Damned if he does; damned if he doesn't...
LAST WEEK, Ben Bernanke got the nod for another stint as head of the world's most important central bank, writes Bill Bonner in his Daily Reckoning.
Yes, he completely misunderstood the implications of the hugely negative US trade balance, believing that America did the world a favor by spending its "global saving glut." And, yes, he missed the approach of the biggest financial disaster in three generations. Then, when it arrived, he mistook it for a routine recession, until finally, panicked by the collapse of Lehman Bros., he insisted that Congress pass a $750 billion spending bill - or "we may not have an economy on Monday."
But except for things that really matter, he's been a pretty good Fed chief. Besides, he has the right credentials. He was a professor of economics at Princeton and holds a PhD from MIT – just like the most recent Nobel Prize winner in economics, Paul Krugman.
The United States has just averted the Second Great Depression, say the papers. "What saved us?" asks Krugman in a recent New York Times editorial. "Big government" is his answer. Specifically, the big government of Ben Bernanke.
But the ghost of Milton Friedman haunts the central bank. Bernanke borrowed a phrase from Friedman, saying he'd even "drop money from helicopters,' if necessary, to prevent deflation. This led to one of the surest trades of the Bubble Era was the so-called on the 'Bernanke Put.' Investors thought they could count on him. Buy stocks. If they went down, Ben Bernanke would make sure you didn't lose. He'd add liquidity until the market bounced back.
The Bernanke Put trade went bad in '07, however. The market fell. Ben Bernanke added liquidity. But so far, stocks have yet to regain 50% of what they lost. Meanwhile, consumer prices are falling. And yet, he does not drop money from helicopters. Why not?
Few people would have more authority on the subject than the group gathered at the Beverly Hilton in Los Angeles earlier this year. Michael Milken, the Junk Bond King, gathered them thither and picked up the tab for Gary Becker, Myron Scholes, and Roger Myerson...each of their names is preceded by 'Nobel Prize winner.' With that kind of brainpower on hand, you'd think you could come up with a good explanation. But the best they could do was a simple analogy. Gary Becker (Nobel awarded '92) took the Friedman line; he argued that by putting out the little forest fires, the recessions of the '90s and the early '00s, the feds inadvertently created the conditions for an even greater conflagration. Instead of burning off the underbrush, the tinder built up until a huge blaze was inevitable. And in a speech honoring Friedman, Bernanke accepted Friedman's criticism of the Fed in the '30s. Yes, Bernanke admitted, the Fed made mistakes; but we won't do it again, he said. The burden of today's rumination is that he was wrong; he will do it again.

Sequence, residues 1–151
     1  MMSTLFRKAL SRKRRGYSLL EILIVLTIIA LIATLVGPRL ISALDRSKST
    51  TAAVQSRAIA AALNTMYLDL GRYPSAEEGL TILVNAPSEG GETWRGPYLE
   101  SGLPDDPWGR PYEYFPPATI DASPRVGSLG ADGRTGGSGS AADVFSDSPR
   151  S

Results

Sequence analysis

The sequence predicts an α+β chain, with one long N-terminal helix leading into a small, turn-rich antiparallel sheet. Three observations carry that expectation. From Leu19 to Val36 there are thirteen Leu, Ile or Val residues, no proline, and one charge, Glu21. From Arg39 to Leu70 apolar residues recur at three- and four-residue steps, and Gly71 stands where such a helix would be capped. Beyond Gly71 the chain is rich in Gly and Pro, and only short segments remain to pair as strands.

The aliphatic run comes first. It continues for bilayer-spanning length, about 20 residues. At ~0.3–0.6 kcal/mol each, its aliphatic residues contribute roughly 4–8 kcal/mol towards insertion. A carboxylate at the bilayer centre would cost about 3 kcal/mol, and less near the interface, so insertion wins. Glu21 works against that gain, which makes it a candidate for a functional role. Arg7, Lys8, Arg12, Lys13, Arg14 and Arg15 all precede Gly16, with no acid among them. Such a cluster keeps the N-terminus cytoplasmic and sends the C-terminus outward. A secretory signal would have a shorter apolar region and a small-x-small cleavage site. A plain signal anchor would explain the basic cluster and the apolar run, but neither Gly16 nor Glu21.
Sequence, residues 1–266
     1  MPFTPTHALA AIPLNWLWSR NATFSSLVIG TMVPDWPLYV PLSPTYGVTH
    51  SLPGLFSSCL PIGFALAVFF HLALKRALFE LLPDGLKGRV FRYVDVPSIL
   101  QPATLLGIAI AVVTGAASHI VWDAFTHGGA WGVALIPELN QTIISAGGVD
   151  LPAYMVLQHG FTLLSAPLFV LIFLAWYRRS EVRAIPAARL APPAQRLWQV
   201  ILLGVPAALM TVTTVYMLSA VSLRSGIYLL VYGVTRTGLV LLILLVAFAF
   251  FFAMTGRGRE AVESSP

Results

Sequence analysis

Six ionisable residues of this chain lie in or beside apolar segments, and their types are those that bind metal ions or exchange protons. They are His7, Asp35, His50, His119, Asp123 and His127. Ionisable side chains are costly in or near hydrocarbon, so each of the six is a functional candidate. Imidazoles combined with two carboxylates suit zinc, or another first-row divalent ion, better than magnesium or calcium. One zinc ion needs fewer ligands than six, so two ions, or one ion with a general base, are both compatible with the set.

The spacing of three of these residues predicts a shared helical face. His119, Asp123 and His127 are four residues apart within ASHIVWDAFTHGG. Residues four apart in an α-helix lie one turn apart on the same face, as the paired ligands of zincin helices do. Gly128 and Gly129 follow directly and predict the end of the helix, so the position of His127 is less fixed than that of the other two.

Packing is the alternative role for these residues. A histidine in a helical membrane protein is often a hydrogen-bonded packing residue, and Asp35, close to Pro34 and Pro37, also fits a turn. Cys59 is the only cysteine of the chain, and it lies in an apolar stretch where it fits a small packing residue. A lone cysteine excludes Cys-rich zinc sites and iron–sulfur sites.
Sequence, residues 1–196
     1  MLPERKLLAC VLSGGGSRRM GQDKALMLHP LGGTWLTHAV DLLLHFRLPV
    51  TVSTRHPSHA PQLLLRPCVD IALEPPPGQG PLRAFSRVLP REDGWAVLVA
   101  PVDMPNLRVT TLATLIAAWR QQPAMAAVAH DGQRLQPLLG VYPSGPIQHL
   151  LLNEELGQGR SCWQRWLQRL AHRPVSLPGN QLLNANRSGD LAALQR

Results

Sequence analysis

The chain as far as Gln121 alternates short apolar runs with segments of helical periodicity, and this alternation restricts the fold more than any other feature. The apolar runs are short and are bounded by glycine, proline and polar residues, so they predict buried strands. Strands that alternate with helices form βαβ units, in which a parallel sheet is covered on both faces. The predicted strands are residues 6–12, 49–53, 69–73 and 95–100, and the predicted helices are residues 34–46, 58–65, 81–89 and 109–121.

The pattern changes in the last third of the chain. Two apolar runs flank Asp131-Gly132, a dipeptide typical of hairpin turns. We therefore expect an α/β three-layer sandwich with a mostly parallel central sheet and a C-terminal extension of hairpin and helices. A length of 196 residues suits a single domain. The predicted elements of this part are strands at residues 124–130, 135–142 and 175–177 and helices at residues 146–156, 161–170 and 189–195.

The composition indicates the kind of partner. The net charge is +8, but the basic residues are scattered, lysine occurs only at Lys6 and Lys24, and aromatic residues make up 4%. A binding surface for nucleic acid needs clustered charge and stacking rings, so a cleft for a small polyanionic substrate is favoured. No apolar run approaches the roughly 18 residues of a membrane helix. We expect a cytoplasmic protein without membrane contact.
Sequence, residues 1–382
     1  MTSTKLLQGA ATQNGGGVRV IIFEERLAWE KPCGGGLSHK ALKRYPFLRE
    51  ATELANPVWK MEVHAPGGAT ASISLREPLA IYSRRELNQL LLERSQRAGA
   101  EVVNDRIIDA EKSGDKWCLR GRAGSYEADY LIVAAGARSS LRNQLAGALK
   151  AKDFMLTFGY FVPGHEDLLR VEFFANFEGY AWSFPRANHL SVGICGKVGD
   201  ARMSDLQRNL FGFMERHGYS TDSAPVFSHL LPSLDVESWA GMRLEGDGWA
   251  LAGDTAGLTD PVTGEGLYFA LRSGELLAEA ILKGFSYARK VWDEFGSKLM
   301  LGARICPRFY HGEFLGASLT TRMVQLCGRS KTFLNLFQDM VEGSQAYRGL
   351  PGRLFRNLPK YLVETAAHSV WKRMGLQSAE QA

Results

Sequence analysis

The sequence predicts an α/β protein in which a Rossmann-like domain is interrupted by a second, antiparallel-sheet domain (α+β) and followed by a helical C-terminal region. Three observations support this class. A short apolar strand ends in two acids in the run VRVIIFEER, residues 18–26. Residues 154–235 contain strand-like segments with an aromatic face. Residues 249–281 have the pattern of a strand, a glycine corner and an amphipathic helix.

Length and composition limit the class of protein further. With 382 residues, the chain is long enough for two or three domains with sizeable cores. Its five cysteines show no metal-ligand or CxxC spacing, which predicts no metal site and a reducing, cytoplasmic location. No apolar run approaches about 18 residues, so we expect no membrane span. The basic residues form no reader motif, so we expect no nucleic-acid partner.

"Inflation is always and everywhere a monetary phenomenon," said Friedman. But deflation doesn't seem to be a monetary phenomenon at all. Despite huge inputs of new money from the Fed, prices are still going down. The Fed's balance sheet more than doubled in the last 18 months. It will probably double again - to $4 trillion - before Bernanke's next term is over.
Friedman won a Nobel Prize for his work. And he drew around him a community of scholars that won so many Nobel Prizes they ran out of room in the University of Chicago trophy cabinet. But it only makes you wonder about the Nobel committee. Friedman's acolytes won their prizes for elaborating a series of mathematical proofs for things that were either self-evident or self-evidently absurd. Most of them were later shown to be wrong, irrelevant or misleading. Modern Portfolio Theory, Black-Scholes Option Pricing Model, Dynamic Hedging - the farther afield the scholars went, the more they lost touch with home. The more scientific their work became, the more it resembled alchemy or phrenology.
Friedman's work itself was flawed in the same way. The general principle was correct - that the government that governs the markets least governs best. But when he got into the mechanics of 'monetarism,' he got lost. He believed that if the Fed kept its eye on the money supply; the free market would take care of everything else. But the free market didn't take of everything, at least not as people hoped. Economist Murray Rothbard explained why in 1971. You cannot expect the free market to function perfectly if you leave in the hands of the government the power to control money. Either markets are free or they aren't, was Rothbard's point. If they're not free, you can't blame freedom when they fail.
But free market economists are now blamed for everything. The free- market Chicago boys are out. The MIT crowd is in. And investors are buying the Bernanke Put again, confident that the Fed chief will keep pushing money into the system and stocks will continue rising. But Ben Bernanke, for all his bluster, is a victim of the trade. Everyone knows what he is up to. They can't help but look ahead and see where it leads.
As soon as Bernanke starts his helicopter engines, bond buyers get out their missiles; the Chinese - the biggest single customer for US debt - have warned that they will shoot him down. What can Bernanke do? He is damned if he doesn't. But even more damned if he does. He can't guarantee increases in either CPI or stocks. All he guarantees is that Big Government will play a larger role in the economy...and that Milton Friedman's history of the Great Depression will turn out to be prophecy:
"The Fed was largely responsible for converting what might have been a garden-variety recession...into a major catastrophe..."
Ultimately, Bernanke does what his predecessors at the Fed did in the '30s...and what the Japanese did in the '90s. He hesitates. He makes mistakes.
And he wonders why he took the damned job in the first place.